That little teaser the other day, the one with the recipe and the picture of the author, needs a follow-up. The recipe I’ll do shortly, after the tasting and possibly even with a picture of my attempt at ruining a good dish.
But what I won’t be ruining are the memories that our author puts into that meal. She had been in Kabul, in dangerous times, accepting hospitality from her driver, her translator and people who became friends; people with whom contact after she left is virtually impossible.
We looked at Anna Badkhen’s recent writing from travels in Afghanistan recently, and I had a quest to find more of her works. Peace Meals is a collection and a recollection. It covers her days in the danger spots of the world, broadly between 2001 and 2008. So we find ourselves in places with names that we all knew from our TV screens then, in Mosul and Tikrit, Gaza and Jerusalem, Kabul and Kandahar.
Born and raised in St Petersburg, daughter of a Jew, writing in English for American publications, Badkhen left her young son at home and put herself in the front line, to bring stories back. Wherever we find her, military camp embedded with the troops, open hillside, funeral or bullet-ridden hotel compound, she has words for us.
Peace Meals is a collection of tales over a number of trips into the danger zones, events that seem consigned to history now, events that shame us perhaps. She takes her memories and thinks of her friends through the meals that they shared. Some of the recipes tempt and titillate. I almost thought of finding a place in the kitchen bookcase for the recipes alone, but the writing, the writing… I like her style.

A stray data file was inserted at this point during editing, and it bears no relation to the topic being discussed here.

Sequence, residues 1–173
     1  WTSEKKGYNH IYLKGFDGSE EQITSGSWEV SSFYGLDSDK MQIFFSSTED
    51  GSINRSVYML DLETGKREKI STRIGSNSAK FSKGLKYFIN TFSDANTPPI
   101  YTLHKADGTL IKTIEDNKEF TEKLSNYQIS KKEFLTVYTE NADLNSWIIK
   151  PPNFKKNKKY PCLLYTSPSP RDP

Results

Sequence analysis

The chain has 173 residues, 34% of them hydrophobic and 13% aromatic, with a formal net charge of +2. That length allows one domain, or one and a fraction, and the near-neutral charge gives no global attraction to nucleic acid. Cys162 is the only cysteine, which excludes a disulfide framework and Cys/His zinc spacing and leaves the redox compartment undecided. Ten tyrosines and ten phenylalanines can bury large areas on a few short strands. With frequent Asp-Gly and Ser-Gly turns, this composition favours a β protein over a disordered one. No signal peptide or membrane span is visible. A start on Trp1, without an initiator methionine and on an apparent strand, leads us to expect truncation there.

In terms of war correspondents, and messages home, I’d put Anna Badkhen up there with Feargal Keane and Asne Seierstadt. Christina Lamb too has found wonderful words from dark places. But Anna Badkhen, there’s something else about her, a bit more personal perhaps. Maybe it’s the recipes. Or maybe it’s because I read All the World’s a Carpet last year, and she had me hooked.
I haven’t forgotten the promised Mantwo. Just a few ingredients to get, and some hours in the kitchen to find. But it’s mid-term, and I may have help in the kitchen. Back soon.